By M. K. Van Rensselaer.

Although treated by modern writers as one of the minor of the twelve gods of Olympus, Mercury was by no means so looked upon by the ancients, who revered, feared, consulted and obeyed him as they did no other deity, so he wielded more influence over the lives of mankind than did all the other gods put together. Jove was dreaded because a bolt from the blue might destroy the unwary at any moment; even though Mercury was the lightning conductor, the latter was not blamed for the catastrophe. Juno commanded admiration by her beauty, but her cold self-esteem drew few followers; still, as presiding over maternity, she delivered, through Mercury, the newly born to its parents. Diana had, perhaps, the largest number of worshippers, since she had a plurality of attractions, and had under her protection many and various walks of life, when Mercury acted as her lieutenant. It was Mercury who lured Proserpine from the side of Ceres, to reconduct the former to earth when spring followed winter, and it is under this form, as Chthonius, that Mercury is allegorically represented as the messenger conducting the soul at death to the future state.

Mercury was the peacemaker, or adjuster of difficulties, as well as the councillor and intercessor, for he could be appealed to with the certainty that his orders could be received by mankind, and by them could be comprehended through a sign language interpreted by his priests. He was in reality more powerful than any of the other gods taken separately, for, although they might be lavishly propitiated, they could not reply to invocations except through their messenger, Mercury. He was also the inventor of emblems, pictorial art, and language, through which he could be directly approached and his wishes communicated in response to invocations by means of the Atouts and the pip cards. Any profanation of his mysteries was rapidly revenged by his worshippers, so it is little wonder that they were not placed in town records or in early histories. Nor, if they were, would these mysteries have been mentioned as Playing Cards, for the ancient Book of Thoth was not classified as a game, and until the Temple of Toth, as well as the Serapeon, near Naples, were destroyed, compelling the exiled priests to carry on their person the emblems taken from the walls, there was absolutely nothing like a card to mention in the official records. Students, therefore, must search for descriptions of wanderers, of soothsayers, of astrologers, of fortune-tellers, of prophets or of gypsies, if they wish to discover traces of the cult of Mercury, since it was gradually and imperceptibly merged into the Playing Cards as we understand them.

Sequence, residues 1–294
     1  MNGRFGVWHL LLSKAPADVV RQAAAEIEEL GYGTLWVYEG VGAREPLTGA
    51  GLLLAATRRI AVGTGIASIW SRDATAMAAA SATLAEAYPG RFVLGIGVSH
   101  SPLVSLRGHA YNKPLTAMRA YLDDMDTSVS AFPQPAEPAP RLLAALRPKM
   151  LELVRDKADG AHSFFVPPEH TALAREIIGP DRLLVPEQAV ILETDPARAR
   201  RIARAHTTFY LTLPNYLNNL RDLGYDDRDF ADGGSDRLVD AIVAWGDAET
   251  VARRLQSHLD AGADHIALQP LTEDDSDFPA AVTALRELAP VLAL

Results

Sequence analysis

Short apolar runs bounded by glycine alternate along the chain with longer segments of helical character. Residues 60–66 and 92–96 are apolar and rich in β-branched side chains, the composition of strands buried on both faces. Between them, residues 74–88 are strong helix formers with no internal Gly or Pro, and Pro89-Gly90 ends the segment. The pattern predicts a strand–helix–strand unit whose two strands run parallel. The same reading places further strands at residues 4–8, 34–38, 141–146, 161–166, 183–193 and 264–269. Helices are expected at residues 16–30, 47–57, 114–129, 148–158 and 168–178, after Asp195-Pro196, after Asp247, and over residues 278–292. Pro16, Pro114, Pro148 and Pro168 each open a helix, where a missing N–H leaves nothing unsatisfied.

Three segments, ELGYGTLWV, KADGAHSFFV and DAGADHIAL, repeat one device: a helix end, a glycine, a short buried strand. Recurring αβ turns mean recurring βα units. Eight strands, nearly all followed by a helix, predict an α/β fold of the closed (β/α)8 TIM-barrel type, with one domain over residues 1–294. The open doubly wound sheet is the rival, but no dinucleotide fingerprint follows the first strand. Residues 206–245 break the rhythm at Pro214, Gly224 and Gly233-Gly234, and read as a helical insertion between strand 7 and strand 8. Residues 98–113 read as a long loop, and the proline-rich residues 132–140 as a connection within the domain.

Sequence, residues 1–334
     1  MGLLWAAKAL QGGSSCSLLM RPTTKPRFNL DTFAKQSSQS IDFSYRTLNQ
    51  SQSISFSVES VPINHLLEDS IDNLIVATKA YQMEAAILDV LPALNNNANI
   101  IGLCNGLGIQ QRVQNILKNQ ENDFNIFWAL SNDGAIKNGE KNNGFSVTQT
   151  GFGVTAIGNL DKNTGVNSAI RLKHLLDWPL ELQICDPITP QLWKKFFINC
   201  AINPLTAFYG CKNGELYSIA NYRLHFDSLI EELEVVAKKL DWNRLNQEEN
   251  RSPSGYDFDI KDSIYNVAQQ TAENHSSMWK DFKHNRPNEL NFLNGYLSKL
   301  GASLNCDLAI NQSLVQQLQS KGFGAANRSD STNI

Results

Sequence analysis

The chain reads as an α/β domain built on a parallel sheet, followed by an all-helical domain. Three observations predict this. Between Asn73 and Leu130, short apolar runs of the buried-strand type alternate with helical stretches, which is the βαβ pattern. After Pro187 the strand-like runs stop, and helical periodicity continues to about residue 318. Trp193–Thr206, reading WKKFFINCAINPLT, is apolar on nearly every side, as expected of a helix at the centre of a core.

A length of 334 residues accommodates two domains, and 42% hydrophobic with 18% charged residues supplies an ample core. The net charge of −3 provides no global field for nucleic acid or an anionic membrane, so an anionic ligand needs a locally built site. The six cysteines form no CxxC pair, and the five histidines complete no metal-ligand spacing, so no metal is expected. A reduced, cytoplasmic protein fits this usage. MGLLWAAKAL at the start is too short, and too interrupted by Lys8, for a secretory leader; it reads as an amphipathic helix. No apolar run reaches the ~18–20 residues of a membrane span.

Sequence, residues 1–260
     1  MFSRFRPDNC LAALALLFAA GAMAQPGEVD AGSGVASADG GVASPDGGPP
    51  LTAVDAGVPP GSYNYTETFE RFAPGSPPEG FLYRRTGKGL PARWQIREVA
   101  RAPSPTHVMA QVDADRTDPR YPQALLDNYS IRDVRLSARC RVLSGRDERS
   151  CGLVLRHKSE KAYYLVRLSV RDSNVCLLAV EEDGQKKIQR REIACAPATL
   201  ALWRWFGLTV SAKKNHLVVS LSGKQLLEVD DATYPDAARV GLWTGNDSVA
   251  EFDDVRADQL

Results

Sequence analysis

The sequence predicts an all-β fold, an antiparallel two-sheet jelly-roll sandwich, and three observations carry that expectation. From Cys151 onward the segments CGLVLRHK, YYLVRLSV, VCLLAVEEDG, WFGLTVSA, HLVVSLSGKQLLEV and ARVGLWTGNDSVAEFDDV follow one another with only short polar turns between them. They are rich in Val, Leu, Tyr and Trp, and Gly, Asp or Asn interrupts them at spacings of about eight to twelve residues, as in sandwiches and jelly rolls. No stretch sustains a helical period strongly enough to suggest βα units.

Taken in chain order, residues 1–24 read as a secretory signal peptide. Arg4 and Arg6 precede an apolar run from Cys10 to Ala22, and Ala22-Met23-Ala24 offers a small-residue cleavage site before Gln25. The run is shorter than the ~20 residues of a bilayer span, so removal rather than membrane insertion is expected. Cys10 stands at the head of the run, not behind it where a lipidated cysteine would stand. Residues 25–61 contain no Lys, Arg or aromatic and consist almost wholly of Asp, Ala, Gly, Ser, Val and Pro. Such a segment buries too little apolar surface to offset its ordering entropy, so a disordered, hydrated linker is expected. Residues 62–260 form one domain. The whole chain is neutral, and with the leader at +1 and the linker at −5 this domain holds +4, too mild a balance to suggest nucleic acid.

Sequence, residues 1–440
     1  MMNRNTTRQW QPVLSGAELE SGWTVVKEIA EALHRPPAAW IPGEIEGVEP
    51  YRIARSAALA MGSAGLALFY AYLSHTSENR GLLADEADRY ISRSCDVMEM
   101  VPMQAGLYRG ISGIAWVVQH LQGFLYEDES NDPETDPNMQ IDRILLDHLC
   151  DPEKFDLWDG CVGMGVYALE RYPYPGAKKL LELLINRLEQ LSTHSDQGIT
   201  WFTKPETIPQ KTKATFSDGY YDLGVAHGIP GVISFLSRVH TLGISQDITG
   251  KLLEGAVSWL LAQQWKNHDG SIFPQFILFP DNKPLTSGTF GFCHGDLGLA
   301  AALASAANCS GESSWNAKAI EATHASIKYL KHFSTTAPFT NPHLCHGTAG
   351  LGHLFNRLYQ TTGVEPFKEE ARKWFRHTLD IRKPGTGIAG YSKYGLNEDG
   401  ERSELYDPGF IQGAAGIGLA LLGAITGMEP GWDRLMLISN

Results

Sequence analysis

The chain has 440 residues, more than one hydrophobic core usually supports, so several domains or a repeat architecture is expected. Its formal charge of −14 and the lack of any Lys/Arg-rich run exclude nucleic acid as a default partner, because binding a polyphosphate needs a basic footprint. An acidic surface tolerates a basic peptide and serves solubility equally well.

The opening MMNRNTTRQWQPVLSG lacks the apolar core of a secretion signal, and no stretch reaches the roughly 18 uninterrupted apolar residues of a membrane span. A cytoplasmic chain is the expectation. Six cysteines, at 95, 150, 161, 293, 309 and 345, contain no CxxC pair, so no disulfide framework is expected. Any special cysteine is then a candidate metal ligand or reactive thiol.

There were few of the homes of the rich Romans that were not adorned with a statue of this god under one of his four great attributes. The best known is, perhaps, one by John of Bologna, showing him as Caduceator, or the messenger, under which guise Mercury carries the caduceus and points with his right hand to heaven. When represented in this way, he is the bearer of news, of life, and of health. It was his wand, or caduceus, that, up to the middle of the eighteenth century, was the emblem of the medical man, who always carried his stick or staff into the sick chamber. It is still used by barbers, who display his staff, apparently wound with bloody rags, before their shops, a survival of a custom dating from the time when barbers were the dentist surgeons and “blood-letters.” His wand was also representative of the stylus which was used to write on the “Tablet of Fate,” for Mercury was also the god Nebo of the Babylonians, who is mentioned under this name in the Bible. He is credited with being “the writer in the Book of Fate” and, says a Cuneiform inscription, “had foretold the destiny of mankind since eternity.” The stylus was also the emblem of Thoth, who wrote in the “Book of Good Works” after death.

Atouts of an Early Italian Pack of Tarots with Two Court Cards